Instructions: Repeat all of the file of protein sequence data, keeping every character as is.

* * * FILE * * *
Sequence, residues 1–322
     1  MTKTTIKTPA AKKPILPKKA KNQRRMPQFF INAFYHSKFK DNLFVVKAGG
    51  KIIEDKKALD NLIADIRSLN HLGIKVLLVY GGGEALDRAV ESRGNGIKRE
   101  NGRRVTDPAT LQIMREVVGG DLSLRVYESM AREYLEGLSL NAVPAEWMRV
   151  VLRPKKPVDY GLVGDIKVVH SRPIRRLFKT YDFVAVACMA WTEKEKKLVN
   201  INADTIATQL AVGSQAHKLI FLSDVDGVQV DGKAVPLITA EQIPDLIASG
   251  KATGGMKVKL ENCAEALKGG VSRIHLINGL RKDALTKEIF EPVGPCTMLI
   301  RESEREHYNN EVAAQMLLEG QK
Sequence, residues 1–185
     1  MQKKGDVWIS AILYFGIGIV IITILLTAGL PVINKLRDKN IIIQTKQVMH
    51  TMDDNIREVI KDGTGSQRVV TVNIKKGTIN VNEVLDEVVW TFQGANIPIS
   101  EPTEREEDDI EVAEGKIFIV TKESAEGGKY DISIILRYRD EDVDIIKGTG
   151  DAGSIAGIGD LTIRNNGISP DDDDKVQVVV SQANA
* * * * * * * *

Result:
Sequence, residues 1–322
     1  MTKTTIKTPA AKKPILPKKA KNQRRMPQFF INAFYHSKFK DNLFVVKAGG
    51  KIIEDKKALD NLIADIRSLN HLGIKVLLVY GGGEALDRAV ESRGNGIKRE
   101  NGRRVTDPAT LQIMREVVGG DLSLRVYESM AREYLEGLSL NAVPAEWMRV
   151  VLRPKKPVDY GLVGDIKVVH SRPIRRLFKT YDFVAVACMA WTEKEKKLVN
   201  INADTIATQL AVGSQAHKLI FLSDVDGVQV DGKAVPLITA EQIPDLIASG
   251  KATGGMKVKL ENCAEALKGG VSRIHLINGL RKDALTKEIF EPVGPCTMLI
   301  RESEREHYNN EVAAQMLLEG QK
Sequence, residues 1–185
     1  MQKKGDVWIS AILYFGIGIV IITILLTAGL PVINKLRDKN IIIQTKQVMH
    51  TMDDNIREVI KDGTGSQRVV TVNIKKGTIN VNEVLDEVVW TFQGANIPIS
   101  EPTEREEDDI EVAEGKIFIV TKESAEGGKY DISIILRYRD EDVDIIKGTG
   151  DAGSIAGIGD LTIRNNGISP DDDDKVQVVV SQANA